Selected pieces from their Old Masters art collection, including a portrait of a young Marie Antoinette, are on display at LACMA's Lynda and Stewart Resnick Exhibition Pavilion in a show titled "Eye for the Sensual." In the week preceding the opening, Lynda gave several tours, saying of Marie Antoinette, "A great deal of her bad press was manufactured by her enemies. She needed a better publicist. And she certainly needed a stronger husband." Tom Hanks and James Franco were among the 1,000 people who attended the fundraiser honoring the Resnicks. Christina Aguilera performed.
That was Saturday night. On Monday morning, Sept. 27, the Federal Trade Commission went public with its complaint against the Resnicks. After failing to come to terms over a settlement, the FTC sued them both, as well as the president of Pom Wonderful, for making deceptive claims about the health benefits of pomegranates. The allegations cut to the core of the Resnicks' business strategy and identity: If you've consumed a pomegranate martini or frozen yogurt lately, or think pomegranate juice is good for your heart, or will help with prostrate cancer or even erectile dysfunction, it's probably because of Lynda. She read the lore about the pomegranate's supposed powers. She spent $34 million on dozens of research projects and clinical trials to try to prove them. She fashioned an entire marketing strategy—and public persona—based on the assumption that she had proof. She wrote a book, touted as her "secrets to marketing just about anything," and titled it Rubies in the Orchard. She calls herself the Pom Queen.
In its 25-page complaint, the FTC highlights some of the more brash ads Resnick has run: "Drink to prostate health. Sometimes, good medicine can taste great," began one in Prevention magazine; "I'm off to save prostates! Man by man, gland by gland...," read another in Men's Fitness. Lynda is quoted on Martha Stewart's show saying, "It is the magic elixir of our age and of all ages." In an interview with Newsweek, she winked at a young reporter and told him pomegranate juice is 40 percent as effective as Viagra. "Not that you need it. But—couldn't hoit!"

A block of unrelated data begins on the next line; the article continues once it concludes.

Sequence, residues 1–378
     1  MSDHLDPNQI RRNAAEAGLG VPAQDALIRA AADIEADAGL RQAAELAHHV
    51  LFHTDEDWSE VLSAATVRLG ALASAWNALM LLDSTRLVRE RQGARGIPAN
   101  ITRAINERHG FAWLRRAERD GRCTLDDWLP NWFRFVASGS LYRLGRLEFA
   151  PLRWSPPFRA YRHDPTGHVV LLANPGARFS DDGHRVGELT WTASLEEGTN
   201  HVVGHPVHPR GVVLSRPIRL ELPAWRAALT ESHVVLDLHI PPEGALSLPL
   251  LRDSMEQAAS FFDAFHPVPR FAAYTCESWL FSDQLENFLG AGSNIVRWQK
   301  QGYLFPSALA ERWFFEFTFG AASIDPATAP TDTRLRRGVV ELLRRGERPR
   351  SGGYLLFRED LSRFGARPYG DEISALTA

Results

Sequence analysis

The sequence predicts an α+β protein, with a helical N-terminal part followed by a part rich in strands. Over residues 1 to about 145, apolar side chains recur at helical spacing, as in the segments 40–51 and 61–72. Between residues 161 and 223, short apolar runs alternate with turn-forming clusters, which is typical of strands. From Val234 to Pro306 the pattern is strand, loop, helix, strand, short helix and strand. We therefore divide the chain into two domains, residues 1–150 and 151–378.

Lynda may have made the pomegranate juice market, but she didn't have it to herself for long. All of the big juice companies have come out with pomegranate drinks. Pom Wonderful had sales of $165 million in 2006, although the Resnicks say it has never made money for them. They did not disclose more specific numbers. Their fresh pomegranates do: They expect to sell 3 million cases this year. The Resnicks claim that many of these other juices, priced lower than Pom, don't have much pomegranate in them. They've sued Coca-Cola (KO) (which owns Minute Maid), Pepsi (PEP) (which owns Tropicana), Welch's, and Ocean Spray for false advertising. Coca-Cola won its case on summary judgment, though Pom is appealing. A jury found that Welch's deceived buyers but didn't award Pom damages; Pom is appealing that case, too. The Tropicana trial is under way. Lynda suggests the FTC is too close to the big beverage companies and went after the Resnicks in retaliation. "What's motivating them? Is it our competitors, who have all these lobbyists there?" she asks. Pom, she says, doesn't have lobbyists.